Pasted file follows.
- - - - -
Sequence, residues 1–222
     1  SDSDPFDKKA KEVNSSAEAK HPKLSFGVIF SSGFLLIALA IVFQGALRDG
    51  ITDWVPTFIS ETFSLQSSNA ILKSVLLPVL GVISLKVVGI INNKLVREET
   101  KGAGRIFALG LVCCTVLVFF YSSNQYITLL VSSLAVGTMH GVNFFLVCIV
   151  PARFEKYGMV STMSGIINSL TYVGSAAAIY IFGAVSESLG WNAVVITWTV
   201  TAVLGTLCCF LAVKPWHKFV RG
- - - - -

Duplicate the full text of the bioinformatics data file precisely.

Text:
Sequence, residues 1–222
     1  SDSDPFDKKA KEVNSSAEAK HPKLSFGVIF SSGFLLIALA IVFQGALRDG
    51  ITDWVPTFIS ETFSLQSSNA ILKSVLLPVL GVISLKVVGI INNKLVREET
   101  KGAGRIFALG LVCCTVLVFF YSSNQYITLL VSSLAVGTMH GVNFFLVCIV
   151  PARFEKYGMV STMSGIINSL TYVGSAAAIY IFGAVSESLG WNAVVITWTV
   201  TAVLGTLCCF LAVKPWHKFV RG